Coyotes in good position for shortened season
GLENDALE, Ariz. (AP)
Everything fell perfectly into place for the Phoenix Coyotes last season.
The team without an owner rode a fabulous February to its first division title in 33 years as an NHL franchise and kept winning all the way to the Western Conference finals, bringing along quite a bandwagon of fans as it went.
The Coyotes also got a potential owner along the way, capping what was easily the best season in franchise history.
Now they're hoping the 113-day NHL lockout will only be a speed bump to the momentum they've built.
With essentially the same roster that won the Pacific Division and owner-in-waiting Greg Jamison on the cusp of buying the team, Phoenix is in good shape for this year's shortened 48-game schedule and beyond.
''It feels like we just came out of an All-Star break or something like that - we've got the same team there,'' Coyotes coach Dave Tippett said.
For the most part, they do.
Phoenix lost playmaking wing Ray Whitney, young forward Taylor Pyatt, center Daymond Langkow, along with defensemen Michal Rozsival and Adrian Aucoin. Whitney and Pyatt were arguably the biggest losses, but the Coyotes made some solid pickups during the offseason, adding left wing Steve Sullivan, defenseman Zbynek Michalek and right wing David Moss.
They made their most intriguing move a few days before the season was about to start.
Center Matthew Lombardi, one of the NHL's fastest skaters, will return to the Valley of the Sun after the Coyotes traded a 2014 fourth-round draft pick to get him from Toronto.
During his first stint with Phoenix, Lombardi was one of the team's best players, leading a playoff surge after arriving in a trade from Calgary during the 2008-09 season, then scoring 19 goals with 34 goals the next year.
Lombardi left for more money in 2010, but never found the success he had with the Coyotes, missing all but two games because of a neck injury with Nashville in 2010-11 and managing 18 points in a limited role with the Maple Leafs a year ago.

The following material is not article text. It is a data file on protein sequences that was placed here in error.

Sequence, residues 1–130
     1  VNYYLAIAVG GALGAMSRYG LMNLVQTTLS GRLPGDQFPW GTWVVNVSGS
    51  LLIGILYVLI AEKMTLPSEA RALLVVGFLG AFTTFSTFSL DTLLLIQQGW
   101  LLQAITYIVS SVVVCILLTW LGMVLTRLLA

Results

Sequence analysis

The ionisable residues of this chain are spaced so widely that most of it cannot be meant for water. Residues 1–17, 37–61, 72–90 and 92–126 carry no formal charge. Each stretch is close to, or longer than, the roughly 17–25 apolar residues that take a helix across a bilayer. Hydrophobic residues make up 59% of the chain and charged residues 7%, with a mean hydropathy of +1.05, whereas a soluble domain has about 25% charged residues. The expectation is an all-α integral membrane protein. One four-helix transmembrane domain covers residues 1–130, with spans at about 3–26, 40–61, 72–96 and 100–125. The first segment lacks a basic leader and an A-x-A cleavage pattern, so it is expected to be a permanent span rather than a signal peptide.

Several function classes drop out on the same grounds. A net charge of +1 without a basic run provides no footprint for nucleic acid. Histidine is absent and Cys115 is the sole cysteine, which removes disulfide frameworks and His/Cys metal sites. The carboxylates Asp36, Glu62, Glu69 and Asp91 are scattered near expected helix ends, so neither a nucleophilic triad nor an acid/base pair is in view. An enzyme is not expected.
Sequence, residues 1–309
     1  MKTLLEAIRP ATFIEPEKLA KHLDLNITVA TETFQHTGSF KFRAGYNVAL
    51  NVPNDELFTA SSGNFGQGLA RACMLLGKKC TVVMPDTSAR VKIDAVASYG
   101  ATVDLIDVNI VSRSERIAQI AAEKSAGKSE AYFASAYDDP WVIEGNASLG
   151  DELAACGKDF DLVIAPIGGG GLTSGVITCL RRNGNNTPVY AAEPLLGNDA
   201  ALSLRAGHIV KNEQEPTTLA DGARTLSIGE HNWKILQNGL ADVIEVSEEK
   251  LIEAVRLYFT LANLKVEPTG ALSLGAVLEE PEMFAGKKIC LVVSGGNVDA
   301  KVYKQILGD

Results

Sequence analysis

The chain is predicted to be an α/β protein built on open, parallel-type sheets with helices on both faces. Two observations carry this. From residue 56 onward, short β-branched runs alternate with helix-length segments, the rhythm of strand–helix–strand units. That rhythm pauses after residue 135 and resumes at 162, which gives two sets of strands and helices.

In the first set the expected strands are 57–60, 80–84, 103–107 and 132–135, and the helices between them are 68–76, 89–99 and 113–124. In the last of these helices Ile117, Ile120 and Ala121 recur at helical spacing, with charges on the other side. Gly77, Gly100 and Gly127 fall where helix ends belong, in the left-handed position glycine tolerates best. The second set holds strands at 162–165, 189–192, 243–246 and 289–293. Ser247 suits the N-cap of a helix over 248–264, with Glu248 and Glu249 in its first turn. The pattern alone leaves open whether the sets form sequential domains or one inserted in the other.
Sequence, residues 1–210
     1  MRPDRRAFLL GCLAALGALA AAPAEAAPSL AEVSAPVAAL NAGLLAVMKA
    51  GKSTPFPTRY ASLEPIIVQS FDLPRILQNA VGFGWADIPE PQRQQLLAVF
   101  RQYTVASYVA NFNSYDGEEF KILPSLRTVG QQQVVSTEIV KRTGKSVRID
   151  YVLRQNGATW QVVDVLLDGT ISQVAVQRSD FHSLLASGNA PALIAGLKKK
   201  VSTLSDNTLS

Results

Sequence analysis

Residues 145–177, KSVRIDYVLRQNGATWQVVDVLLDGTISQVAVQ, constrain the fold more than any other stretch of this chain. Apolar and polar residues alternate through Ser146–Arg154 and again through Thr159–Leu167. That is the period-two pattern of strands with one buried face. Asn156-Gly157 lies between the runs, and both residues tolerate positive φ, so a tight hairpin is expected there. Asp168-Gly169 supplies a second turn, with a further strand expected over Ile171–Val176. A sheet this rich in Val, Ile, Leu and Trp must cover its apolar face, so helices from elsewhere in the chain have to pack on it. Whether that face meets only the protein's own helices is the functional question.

After hearing reports of Lombardi's speed and skill level during the Coyotes' informal workouts during the lockout, Phoenix general manager Don Maloney made landing the 30-year-old a priority and wound up with a great deal, giving up a draft pick and getting Toronto to pick up a portion of his salary.
Maloney believed Lombardi was the square peg trying to fit into a round hole with the Maple Leafs and is hoping he can flourish again back in the desert.
''The long and short of it is we just knew we had a little more insight than maybe the next team,'' Maloney said.
Even if Lombardi isn't the player he once was, the Coyotes should be in good shape.
Phoenix flourished under Tippett's close-to-the-vest style last season, limiting scoring chances, getting superb goaltending and scoring opportunistic goals while winning the Pacific Division and going deeper in the playoffs than it ever had.
Little is expected to change this season.
After a drawn-out process created by an uncertain ownership situation, the Coyotes locked up captain Shane Doan just before the lockout, signing him to a four-year, $21.2 million deal.
And the Coyotes have Mike Smith.
Given a shot at being a No. 1 goalie really for the first time in his career, Smith flourished.
Big and athletic, the shaggy haired goalie known as Smitty had 38 wins and eight shutouts while posting a 2.21 goals-against average last season. Smith almost single-handedly kept the Coyotes in games for stretches of the season, stealing victories as they pushed toward a division title and into the conference finals.
Carrying the confidence of last season with him, there's no reason to think Smith won't be as good this season.
''Last year's playoff run really matured him as a player,'' Tippett said. ''He obviously has the talent to be a top goaltender, but the maturity from his experience as a No. 1 in the playoffs I think will bode well for him.''
With Smith between the pipes and many of the same players around him, the Coyotes are hoping to make another playoff run this season - maybe even deeper than the year before.